With the advent of this revised conceptualization of groupness, it is critical to situate this construct alongside existing research on group cohesion. Specifically, group cohesion entails perceiving an exercise group as united when pursuing goals (i.e., group integration) and satisfying the affective needs that individuals hold related to the group (i.e., attraction to the group) both during the task and through social interactions ( Estabrooks & Carron, 2000 ). Whereas groupness represents one’s perceptions of how closely a collective represents a ‘true group’, cohesion is an emergent group state that takes place further downstream in that cohesion reflects one’s perceptions about the group with the assumption that the collective is indeed a ‘true group.’ More simply, groupness is a belief about whether members represent a group, regardless of affective feelings toward the group or how well members work together. With regard to theoretical temporality between the two constructs, groupness is considered to be a key antecedent of cohesion such that efforts to strengthen group cohesion often involve promoting entitativity and group structure ( Spink & Carron, 1993 ). As such, interventions commonly leverage components of groupness to build and develop cohesion through means such as setting group goals, forming norms for how members act, and assigning roles for members ( Carron, Spink, & Prapavessis, 1997 ). Although it is anticipated that groupness and cohesion share variability, the two constructs are conceptually distinct with clear justification for distinguishing groupness as a malleable property of groups.

Group dynamics researchers have critically asserted that, despite its name, the dynamic nature of groups is rarely studied ( Cronin, Weingart, & Todorova, 2011 ). Indeed, there have been several calls for group researchers to begin investigating how changes in perceptions of groups relate to behavioral outcomes. The dynamic nature of exercise groups has been demonstrated by Dunlop, Falk, and Beauchamp (2013) , who found that social cohesion within groups increased progressively across eight class sessions. A related promising approach for exploring the dynamic nature of group perceptions is to intensively sample participants and distinguish between-person associations from within-person associations using a multilevel framework. For example, researchers using this methodology found that exercisers reported more satisfaction—relative to their average level of satisfaction—following group fitness classes in which they felt greater group cohesion ( Maher, Gottschall, & Conroy, 2015 ).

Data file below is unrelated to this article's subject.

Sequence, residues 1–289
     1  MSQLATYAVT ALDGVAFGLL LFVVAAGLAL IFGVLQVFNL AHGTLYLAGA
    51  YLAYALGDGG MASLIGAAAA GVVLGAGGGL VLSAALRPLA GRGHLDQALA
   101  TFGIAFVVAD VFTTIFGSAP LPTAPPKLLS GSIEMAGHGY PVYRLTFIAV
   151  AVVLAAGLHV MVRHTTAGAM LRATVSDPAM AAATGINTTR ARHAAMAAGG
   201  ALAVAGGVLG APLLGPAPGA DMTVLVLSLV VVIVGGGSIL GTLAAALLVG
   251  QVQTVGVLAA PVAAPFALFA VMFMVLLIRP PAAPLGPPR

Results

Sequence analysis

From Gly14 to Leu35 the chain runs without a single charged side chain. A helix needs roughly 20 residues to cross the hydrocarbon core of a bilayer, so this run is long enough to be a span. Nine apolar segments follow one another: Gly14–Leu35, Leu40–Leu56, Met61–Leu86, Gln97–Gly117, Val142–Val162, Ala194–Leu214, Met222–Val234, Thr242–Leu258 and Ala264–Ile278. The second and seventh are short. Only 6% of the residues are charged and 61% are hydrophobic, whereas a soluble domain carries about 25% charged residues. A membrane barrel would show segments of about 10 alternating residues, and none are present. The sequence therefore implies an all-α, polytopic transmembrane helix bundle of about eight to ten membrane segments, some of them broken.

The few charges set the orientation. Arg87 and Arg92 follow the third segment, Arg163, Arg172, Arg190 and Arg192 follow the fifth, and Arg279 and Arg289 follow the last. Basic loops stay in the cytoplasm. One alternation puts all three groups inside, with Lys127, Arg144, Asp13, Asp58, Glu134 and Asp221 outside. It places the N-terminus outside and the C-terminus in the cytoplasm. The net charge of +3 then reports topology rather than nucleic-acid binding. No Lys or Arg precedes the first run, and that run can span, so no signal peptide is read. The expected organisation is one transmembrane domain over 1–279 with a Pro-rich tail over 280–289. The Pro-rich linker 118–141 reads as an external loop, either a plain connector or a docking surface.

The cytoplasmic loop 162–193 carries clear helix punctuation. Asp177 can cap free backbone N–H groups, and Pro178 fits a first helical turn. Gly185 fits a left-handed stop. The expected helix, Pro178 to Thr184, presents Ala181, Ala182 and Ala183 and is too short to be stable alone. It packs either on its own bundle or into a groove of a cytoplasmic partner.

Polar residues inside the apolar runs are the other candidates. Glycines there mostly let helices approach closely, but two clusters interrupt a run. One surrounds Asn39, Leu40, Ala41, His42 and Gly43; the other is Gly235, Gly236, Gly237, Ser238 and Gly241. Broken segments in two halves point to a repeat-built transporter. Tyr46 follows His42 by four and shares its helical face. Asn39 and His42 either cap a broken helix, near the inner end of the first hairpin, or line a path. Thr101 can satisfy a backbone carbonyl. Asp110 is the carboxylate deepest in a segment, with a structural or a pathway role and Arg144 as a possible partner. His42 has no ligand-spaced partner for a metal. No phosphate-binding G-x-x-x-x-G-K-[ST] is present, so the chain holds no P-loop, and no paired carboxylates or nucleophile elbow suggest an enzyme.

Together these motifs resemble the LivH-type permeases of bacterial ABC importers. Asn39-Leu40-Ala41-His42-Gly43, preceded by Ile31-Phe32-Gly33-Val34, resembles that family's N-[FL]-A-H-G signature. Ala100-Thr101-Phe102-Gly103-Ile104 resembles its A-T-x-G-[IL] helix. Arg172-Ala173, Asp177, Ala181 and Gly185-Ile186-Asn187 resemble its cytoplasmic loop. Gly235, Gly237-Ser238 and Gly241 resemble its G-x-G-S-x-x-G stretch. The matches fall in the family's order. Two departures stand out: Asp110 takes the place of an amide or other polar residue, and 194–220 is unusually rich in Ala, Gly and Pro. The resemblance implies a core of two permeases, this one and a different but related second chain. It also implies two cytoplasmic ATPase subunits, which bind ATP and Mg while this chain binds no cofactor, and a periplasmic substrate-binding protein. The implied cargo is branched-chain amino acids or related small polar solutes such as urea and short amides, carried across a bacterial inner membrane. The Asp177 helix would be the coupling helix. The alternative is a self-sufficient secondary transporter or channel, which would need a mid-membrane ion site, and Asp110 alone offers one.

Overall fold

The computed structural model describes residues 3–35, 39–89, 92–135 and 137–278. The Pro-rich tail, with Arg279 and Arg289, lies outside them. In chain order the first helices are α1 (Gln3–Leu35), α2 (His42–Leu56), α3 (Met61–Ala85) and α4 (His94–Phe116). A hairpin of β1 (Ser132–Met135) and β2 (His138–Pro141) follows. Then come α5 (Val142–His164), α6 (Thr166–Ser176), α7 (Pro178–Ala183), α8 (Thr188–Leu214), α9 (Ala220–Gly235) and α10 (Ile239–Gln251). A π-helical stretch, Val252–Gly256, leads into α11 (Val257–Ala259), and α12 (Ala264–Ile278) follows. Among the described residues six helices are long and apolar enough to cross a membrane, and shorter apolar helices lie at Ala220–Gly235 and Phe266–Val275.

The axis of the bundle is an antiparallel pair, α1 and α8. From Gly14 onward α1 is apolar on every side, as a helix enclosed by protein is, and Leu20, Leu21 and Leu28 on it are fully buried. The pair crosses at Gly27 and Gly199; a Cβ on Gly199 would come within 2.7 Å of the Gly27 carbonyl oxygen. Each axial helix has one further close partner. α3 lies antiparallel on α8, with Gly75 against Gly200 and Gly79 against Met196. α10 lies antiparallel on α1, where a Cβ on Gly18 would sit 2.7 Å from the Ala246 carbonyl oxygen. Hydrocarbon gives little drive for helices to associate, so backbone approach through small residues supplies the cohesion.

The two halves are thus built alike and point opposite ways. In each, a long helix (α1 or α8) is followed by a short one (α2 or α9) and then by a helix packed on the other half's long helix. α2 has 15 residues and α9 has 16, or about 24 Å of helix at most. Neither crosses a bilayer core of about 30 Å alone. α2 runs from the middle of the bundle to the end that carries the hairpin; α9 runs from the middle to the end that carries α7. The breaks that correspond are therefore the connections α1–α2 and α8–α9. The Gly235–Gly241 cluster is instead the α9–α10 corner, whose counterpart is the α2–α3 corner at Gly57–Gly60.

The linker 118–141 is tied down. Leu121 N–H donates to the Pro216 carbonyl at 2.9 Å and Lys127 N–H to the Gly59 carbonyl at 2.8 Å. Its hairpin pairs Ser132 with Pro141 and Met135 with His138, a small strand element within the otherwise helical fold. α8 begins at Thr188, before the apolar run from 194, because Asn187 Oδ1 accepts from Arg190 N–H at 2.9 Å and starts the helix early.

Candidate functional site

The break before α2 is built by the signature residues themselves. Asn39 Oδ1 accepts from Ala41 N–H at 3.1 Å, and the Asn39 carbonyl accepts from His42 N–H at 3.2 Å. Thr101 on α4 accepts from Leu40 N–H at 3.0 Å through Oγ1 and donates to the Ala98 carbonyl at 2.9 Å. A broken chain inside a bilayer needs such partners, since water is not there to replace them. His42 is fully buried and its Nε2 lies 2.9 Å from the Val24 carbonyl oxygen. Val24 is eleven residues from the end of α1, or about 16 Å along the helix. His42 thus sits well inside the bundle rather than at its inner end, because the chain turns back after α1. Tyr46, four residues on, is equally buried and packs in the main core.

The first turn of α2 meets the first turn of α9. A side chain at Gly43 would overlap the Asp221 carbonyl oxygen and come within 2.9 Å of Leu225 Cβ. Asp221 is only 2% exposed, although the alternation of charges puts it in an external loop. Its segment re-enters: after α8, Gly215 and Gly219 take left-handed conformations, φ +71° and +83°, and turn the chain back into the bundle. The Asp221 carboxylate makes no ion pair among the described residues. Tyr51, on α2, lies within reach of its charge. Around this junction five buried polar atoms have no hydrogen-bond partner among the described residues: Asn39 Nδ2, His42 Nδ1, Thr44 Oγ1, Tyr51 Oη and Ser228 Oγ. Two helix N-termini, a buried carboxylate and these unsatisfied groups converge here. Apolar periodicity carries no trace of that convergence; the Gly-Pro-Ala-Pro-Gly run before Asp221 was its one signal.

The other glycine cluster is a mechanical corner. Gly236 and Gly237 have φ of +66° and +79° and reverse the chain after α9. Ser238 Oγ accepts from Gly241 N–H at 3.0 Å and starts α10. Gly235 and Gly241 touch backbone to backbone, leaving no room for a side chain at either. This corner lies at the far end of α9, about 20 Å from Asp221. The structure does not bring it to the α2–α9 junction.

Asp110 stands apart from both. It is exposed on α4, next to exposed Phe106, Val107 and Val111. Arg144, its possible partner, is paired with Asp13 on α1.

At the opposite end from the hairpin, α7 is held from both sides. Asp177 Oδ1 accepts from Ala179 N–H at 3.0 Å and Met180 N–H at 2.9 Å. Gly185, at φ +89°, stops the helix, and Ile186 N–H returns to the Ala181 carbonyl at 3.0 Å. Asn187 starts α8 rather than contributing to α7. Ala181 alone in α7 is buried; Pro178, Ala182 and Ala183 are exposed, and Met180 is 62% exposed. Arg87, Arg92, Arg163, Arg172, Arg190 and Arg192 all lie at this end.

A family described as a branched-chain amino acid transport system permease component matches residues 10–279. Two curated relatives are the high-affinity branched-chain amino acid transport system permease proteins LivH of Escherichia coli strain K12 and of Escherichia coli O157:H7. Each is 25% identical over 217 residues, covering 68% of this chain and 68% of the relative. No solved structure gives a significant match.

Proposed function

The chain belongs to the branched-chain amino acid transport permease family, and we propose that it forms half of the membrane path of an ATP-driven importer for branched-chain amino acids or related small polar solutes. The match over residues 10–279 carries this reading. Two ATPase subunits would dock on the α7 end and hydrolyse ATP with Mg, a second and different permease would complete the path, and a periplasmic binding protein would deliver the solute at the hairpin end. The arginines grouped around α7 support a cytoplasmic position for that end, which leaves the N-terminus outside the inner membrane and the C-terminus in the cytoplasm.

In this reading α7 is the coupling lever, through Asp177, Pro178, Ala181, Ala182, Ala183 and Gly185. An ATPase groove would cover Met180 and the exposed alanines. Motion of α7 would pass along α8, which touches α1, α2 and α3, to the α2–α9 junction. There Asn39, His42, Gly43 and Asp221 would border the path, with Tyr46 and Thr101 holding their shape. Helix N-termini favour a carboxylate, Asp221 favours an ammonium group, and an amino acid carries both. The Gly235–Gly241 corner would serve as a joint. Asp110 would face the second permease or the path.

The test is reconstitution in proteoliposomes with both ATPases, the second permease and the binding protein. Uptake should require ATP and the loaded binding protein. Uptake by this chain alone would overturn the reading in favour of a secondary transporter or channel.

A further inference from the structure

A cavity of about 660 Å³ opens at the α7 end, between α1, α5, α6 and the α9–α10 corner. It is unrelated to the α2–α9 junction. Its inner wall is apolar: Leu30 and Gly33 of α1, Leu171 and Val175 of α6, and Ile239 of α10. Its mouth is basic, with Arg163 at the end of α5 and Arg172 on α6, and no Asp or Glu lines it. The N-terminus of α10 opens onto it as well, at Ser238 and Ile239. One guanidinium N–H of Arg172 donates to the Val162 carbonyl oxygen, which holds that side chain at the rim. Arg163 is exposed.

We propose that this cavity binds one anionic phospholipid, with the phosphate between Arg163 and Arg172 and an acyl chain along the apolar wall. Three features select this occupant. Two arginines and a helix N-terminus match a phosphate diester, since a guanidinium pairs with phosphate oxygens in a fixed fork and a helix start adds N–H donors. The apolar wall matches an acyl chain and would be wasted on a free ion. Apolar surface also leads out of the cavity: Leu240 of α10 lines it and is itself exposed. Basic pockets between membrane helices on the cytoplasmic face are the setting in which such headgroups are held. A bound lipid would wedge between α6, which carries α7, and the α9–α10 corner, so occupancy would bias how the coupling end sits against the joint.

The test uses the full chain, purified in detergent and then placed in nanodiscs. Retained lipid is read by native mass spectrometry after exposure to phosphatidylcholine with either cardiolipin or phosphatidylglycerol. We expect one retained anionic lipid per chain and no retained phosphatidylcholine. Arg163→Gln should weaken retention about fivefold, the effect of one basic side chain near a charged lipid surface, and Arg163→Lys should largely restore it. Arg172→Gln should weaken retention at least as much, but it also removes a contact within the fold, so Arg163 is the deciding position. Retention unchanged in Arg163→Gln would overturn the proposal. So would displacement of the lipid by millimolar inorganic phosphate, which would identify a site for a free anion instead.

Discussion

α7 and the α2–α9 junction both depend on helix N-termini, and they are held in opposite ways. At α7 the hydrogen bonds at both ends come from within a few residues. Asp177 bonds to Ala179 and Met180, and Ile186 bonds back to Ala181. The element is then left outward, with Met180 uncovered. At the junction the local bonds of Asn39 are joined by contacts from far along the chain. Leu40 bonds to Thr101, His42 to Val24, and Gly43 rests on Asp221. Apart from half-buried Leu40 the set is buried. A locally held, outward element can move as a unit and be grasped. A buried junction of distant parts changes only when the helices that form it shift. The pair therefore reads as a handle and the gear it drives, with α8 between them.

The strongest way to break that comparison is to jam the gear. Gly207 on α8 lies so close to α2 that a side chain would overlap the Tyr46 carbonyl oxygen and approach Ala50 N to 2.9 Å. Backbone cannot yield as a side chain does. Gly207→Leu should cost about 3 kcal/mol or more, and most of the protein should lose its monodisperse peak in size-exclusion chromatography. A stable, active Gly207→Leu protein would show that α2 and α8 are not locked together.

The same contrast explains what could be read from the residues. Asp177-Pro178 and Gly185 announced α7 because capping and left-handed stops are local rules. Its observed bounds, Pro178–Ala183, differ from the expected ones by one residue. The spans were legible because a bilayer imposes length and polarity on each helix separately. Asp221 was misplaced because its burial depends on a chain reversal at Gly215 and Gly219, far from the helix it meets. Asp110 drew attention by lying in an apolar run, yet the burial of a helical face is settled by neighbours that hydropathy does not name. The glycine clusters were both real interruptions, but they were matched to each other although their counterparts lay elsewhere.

The dynamic nature of exercise groups is particularly evident within group fitness classes. Classes are a popular form of group exercise—spanning clinical and recreational settings—where individuals congregate to engage in various forms of physical activity and are often led by an instructor. Existing studies of group fitness classes have been primarily constrained to cross-sectional comparisons and thus provide limited knowledge pertaining only to between-person effects (e.g., Stevens et al., 2018 ). The value in directly modelling within-person variability in associations between fitness experiences and motivational constructs is evident in the aforementioned examples (i.e., Dunlop et al., 2013 ; Maher et al., 2015 ). Emerging research is revealing novel ways of modelling these associations over time (e.g., multilevel growth curve modelling; Ntoumanis et al., 2018 ) and in integrating longitudinal evaluations of fitness instructor interventions (e.g., Ntoumanis, Thogersen-Ntoumani, Quested, & Hancox, 2017 ). As such, individual perceptions of the social aspects of fitness classes, such as groupness, may be dynamic in that they vary within-person from one class to the next (i.e., ‘class-to-class’).